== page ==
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So far my sleuthing has required the Danish skills of my roommate’s Icelandic friend, the Morse-code skills of a friend’s ex-Navy father, and a webcam.
Starting at the end of March, new poster GreenTeaGirlie put up an increasingly cryptic series of YouTube videos dropping clues to a mysterious viral video game. The first puzzle (video embedded below) was to figure out her favorite colors from a string of numbers – 733944832583. Turns out if you punch these digits into your cell phone using the T9 type system, you spell “red white blue.” How patriotic.
Perhaps GreenTeaGirlie is playing out an interactive-video version of Clue, perhaps she will end up being a corporate green tea shill, or maybe it’s some viral school project. Enter an intrepid blogger (me + coffee) with some video editing experience and a webcam. I posted a video of my own (embedded after the jump) trying to piece together the real story behind GreenTeaGirlie, adding it to the responses to her latest video so it would be part of the conversation. As the comments and YouTube messages started pouring in, the plot only thickened.
Ever since LonelyGirl15 was exposed as the actress Jessica Rose, the YouTube community has had a destructive rash of self-serving exposés and counter-exposés as jealous YouTubers squabble for bragging rights, subscribers, and most importantly video views.
GreenTeaGirlie is the latest. With swooping, well-plucked eyebrows akin to Ms. Rose’s, “Kallie,” as she identified herself, came on to the scene with a content-free ten-second video announcing the end of her YouTube virginity. GreenTeaGirlie’s “I’m new” post shot into the coveted “most viewed” section of YouTube, racking up thousands of views with no subscribers.
This roused more than a few suspicious YouTubers, and it was quickly discovered that the first 10,000 views were accrued through embedded copies of the video on bogus MySpace pages. Someone was gaming the system with an auto-refresh program to boost GreenTeaGirlie into the most viewed section, where she has since gained an additional 300,000-plus views.
In reaction to her violation of the sacred rules of YouTube, the site’s heavyweights came out to take GreenTeaGirlie down. The likes of the chipmunk-voiced YTWatchdog, the misogynistic InsultAlien, and the self-proclaimed most banned YouTuber Trevor Reiger, as well as dozens of others, posted videos denouncing GreenTeaGirlie and claiming to expose her as a fake, among many other non-G-rated names.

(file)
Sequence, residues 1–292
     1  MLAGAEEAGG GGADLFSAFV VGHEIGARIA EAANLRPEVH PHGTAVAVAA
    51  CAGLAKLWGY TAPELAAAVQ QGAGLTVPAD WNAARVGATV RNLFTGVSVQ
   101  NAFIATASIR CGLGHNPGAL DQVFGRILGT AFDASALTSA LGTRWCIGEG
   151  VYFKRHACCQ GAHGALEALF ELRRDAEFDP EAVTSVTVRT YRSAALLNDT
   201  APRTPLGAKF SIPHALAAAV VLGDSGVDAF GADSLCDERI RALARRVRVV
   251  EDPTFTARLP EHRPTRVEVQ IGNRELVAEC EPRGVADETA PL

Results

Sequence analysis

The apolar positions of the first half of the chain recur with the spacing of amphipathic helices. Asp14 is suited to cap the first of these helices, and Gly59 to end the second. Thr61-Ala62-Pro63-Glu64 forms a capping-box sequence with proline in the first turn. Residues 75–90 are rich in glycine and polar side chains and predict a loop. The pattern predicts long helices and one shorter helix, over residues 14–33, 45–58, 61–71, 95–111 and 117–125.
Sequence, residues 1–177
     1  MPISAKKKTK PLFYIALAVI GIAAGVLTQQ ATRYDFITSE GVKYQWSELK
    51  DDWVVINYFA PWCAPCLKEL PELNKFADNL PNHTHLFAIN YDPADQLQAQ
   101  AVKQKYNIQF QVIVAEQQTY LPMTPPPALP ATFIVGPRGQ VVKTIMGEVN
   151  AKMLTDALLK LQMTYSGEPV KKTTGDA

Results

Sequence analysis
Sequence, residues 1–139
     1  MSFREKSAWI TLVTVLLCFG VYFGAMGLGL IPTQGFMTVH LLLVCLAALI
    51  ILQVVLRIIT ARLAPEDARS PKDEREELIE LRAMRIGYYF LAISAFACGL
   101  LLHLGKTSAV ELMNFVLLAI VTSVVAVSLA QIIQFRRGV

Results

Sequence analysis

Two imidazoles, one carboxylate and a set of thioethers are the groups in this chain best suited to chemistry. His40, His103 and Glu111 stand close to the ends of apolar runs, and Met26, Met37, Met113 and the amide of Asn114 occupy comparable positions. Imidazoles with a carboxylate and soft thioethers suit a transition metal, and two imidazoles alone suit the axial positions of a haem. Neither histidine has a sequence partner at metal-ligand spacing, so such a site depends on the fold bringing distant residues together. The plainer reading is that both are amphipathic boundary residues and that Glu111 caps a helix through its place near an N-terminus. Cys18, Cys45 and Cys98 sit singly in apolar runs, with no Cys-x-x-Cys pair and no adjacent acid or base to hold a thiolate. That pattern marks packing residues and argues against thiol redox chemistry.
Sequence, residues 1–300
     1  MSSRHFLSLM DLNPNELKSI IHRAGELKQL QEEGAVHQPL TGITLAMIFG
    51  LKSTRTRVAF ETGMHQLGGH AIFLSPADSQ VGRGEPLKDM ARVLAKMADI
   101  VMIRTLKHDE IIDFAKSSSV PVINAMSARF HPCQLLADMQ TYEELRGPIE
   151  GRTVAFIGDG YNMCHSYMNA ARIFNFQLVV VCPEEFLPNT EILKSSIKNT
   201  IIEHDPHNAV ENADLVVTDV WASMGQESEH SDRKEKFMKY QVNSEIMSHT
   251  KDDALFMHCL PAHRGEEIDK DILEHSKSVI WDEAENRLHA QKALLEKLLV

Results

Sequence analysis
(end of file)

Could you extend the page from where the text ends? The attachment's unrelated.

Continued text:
While the White House would like you to believe it’s possible to totally delete four years of e-mails, we all know that nothing is ever gone once it’s online. I combed through videos, tracked websites, and scoured page sources. My findings were a mixed bag of inconsistencies, red herrings, and circumstantial evidence.
What to do now, but get out the webcam, edit in a cool techno song, and tell the YouTube world what I’d found. My video post garnered a decent number of views, a few subscriptions, but most importantly some interesting messages, including one from GreenTeaGirlie “herself.” I received generally positive comments, though some are already suspicious I am in on GreenTeaGirlie’s scheming.
It now seems that mystery is what GreenTeaGirlie is about. Her “official” website speaks of a game to be played out through clues in her videos and the forums section is full of discussion of the most recent clues. I posted a second video last night that explores the most recent clues and the mysterious goings-on at www.greenteagirlie.com, a site playing off of the numerical clues in her videos but which GreenTeaGirlie claims “someone [else] actually took time to put together that site… someone made that up, isn’t it interesting what people do in their spare time!”
The idea of viral gaming to be played out in YouTube with some sort of prize or conclusive finale is exciting. With only six videos, GreenTeaGirlie has a long way to go in comparison to LonelyGirl15 and Nalt’s ever intriguing GooTube Conspiracy. So I’ll continue to wander the series of YouTubes and see who wants to wander with me, as I try to orchestrate a crowd-sourced exposé of my own.